Early waterfowl hunting season
July 21st, 2015 by Red Hills
published in Tallahassee Democrat 9/18/14
There are hints of autumn and a promise of cooler days ahead when September finally comes around. September also marks the beginning of hunting and it starts off with one of my favorites, the early waterfowl hunting season.
The early waterfowl season provides opportunities to hunt resident wood ducks, raised here on our local wetlands, and migratory blue-winged teal that are stopping over briefly in our region on their way to wintering grounds in Mexico and Central America. The blue-winged teal is one of the first waterfowl species to begin the fall migration and the early waterfowl season in Florida provides a great chance to harvest some of these amazing birds as they travel through Florida.
All migrating waterfowl are protected by federal and state hunting laws and it is always important to review the hunting regulations before starting your hunt. Check them out at myfwc.com.
Before the hunt, make sure you have a valid Florida hunting license, a free migratory bird permit (HIP), a Florida waterfowl permit and the current Federal duck stamp. By purchasing these permits, you are investing in the agencies that manage our wildlife resources, which is a great return on your investment.
This year is especially exciting, since the early waterfowl season has expanded from five to nine days which allows for two weekends of hunting. Also, the longer season increases the chances that the arrival of migrating blue-winged teal and the hunting season will match up, since the migration timing can vary somewhat each year.
Another change for this year is that the daily possession (harvest) limit has increased to six ducks. During the first five days, up to two wood ducks can be included in the possession limit, but only teal harvest is allowed in the last four days.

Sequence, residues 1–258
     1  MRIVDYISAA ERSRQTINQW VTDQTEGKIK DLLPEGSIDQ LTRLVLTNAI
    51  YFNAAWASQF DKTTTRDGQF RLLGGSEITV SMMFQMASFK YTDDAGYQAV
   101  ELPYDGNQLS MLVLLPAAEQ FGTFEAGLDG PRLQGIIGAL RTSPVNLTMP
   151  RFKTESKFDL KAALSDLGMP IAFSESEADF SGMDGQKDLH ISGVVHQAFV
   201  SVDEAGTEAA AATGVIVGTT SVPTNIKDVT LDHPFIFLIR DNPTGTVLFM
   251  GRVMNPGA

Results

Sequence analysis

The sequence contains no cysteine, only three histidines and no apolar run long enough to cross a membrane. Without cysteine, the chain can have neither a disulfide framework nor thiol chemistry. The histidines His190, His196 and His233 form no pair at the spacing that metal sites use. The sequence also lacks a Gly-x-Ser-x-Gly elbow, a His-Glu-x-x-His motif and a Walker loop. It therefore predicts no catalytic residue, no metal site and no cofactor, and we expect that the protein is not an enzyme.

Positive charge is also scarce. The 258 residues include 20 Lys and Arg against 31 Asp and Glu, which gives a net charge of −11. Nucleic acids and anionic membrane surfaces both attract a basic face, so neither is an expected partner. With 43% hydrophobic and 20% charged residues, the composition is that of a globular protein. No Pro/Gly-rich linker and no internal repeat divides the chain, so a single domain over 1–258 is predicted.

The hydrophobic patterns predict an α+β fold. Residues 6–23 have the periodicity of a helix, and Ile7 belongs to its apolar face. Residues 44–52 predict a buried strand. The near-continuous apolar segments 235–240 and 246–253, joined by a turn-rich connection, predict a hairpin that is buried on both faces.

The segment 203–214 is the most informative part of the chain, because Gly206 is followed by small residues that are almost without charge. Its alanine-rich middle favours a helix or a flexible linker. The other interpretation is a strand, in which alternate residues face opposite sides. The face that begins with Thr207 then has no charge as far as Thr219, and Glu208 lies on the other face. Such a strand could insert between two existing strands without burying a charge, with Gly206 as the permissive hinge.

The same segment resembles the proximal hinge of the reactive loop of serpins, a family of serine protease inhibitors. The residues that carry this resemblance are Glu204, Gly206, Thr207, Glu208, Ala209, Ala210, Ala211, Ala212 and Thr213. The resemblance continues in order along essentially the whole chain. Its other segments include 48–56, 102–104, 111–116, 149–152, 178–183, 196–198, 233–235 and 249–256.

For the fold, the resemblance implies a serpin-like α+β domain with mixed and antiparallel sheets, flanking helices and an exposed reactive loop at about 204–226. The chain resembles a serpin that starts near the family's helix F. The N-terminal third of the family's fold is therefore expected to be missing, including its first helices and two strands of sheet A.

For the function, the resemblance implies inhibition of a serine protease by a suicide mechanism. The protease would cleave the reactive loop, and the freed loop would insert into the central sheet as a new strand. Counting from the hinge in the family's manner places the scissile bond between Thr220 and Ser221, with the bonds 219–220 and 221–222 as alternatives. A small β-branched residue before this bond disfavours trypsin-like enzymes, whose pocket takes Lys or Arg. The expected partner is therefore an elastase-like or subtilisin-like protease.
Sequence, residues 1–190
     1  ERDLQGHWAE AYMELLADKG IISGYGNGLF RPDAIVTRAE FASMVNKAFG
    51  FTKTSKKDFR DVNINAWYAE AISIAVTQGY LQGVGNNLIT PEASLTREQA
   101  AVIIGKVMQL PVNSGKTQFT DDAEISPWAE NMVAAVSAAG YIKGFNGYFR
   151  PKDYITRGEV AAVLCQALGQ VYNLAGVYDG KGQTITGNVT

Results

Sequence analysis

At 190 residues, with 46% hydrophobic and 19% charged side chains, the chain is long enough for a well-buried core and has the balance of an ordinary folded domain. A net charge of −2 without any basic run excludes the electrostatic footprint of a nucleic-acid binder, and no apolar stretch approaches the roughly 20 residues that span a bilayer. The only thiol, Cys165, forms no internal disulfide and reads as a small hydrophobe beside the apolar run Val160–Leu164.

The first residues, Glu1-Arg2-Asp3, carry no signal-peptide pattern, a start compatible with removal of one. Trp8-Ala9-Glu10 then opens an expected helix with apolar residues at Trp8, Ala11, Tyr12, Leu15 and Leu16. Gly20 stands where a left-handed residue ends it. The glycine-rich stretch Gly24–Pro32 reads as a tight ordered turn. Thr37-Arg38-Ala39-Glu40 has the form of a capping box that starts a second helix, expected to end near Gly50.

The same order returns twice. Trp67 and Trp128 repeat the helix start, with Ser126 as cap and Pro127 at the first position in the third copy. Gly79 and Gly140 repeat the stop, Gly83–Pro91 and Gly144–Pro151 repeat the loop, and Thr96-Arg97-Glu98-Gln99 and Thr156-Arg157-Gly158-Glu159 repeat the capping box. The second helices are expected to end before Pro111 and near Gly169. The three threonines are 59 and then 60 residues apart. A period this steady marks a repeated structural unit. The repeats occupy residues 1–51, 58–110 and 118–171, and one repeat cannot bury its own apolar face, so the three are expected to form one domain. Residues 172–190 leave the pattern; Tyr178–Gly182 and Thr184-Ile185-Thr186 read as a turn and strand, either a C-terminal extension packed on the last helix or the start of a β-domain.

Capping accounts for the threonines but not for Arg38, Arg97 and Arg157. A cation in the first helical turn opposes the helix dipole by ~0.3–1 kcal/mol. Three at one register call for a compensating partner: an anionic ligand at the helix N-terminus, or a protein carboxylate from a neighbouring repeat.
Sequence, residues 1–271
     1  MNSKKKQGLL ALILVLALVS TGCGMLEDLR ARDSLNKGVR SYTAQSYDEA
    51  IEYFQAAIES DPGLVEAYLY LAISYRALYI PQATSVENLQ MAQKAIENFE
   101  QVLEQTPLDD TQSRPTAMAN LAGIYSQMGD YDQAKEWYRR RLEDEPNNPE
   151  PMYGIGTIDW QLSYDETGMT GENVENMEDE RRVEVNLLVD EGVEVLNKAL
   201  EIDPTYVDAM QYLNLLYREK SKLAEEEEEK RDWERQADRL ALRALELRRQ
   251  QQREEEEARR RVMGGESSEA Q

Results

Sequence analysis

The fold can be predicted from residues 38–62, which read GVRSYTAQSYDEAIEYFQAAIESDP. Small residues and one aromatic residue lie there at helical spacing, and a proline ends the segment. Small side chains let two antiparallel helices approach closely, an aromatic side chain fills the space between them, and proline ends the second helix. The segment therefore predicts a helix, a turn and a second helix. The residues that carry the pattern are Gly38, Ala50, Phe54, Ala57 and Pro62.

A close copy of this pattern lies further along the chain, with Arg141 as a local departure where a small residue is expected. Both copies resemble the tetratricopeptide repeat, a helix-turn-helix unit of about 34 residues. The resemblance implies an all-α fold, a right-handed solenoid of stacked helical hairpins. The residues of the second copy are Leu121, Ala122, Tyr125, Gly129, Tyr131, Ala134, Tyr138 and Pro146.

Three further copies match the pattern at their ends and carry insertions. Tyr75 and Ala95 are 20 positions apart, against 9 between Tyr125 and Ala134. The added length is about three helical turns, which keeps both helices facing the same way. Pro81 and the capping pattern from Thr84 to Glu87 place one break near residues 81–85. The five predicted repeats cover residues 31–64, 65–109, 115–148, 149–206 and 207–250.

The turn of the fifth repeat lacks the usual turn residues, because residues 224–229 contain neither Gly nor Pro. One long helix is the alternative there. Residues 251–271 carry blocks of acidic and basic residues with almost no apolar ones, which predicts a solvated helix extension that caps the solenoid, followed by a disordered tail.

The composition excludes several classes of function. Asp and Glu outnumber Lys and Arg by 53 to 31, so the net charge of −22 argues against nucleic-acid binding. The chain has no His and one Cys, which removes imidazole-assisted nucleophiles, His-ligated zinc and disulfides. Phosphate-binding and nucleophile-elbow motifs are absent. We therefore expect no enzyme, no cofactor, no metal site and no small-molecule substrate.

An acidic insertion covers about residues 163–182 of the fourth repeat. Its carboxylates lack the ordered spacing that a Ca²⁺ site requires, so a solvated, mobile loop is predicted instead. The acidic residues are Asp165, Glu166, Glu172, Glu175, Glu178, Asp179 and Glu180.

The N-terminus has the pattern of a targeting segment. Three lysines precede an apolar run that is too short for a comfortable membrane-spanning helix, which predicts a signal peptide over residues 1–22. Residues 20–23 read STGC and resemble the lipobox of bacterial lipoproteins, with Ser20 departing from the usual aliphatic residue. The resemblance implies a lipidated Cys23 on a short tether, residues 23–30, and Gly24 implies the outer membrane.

The Red Hills lakes, including Iamonia, Jackson, Miccosukee and Carr, provide outstanding public hunting opportunities for the early duck season. The only challenge is there can be many hunters on these lakes, especially during the opening weekend. It is important to get to get out early and be mindful of the increased activity on the water.
As you move from the launch to your hunting site, be on the lookout for other hunters setting up their decoy spread and try to provide plenty of space between you and your neighboring hunters. When hunting parties are too close, the quality of the experience is degraded for everyone.
For many, including my family, teal are considered excellent table fare. Our favorite is grilled teal breasts wrapped in a little bacon, which helps to keep the meat moist and tender. The key to great duck is to not overcook the meat. If you like a little zip, try sandwiching a slice of jalapeno and some Monterey jack cheese between the breast meat. After a good meal of teal, my family often asks when I will be hunting again. Now that is a win-win!
I hope you have a great early duck season. Remember to be safe, respect your neighbors and have fun.
Shane Wellendorf is the conservation coordinator for Tall Timbers Research Station and Land Conservancy.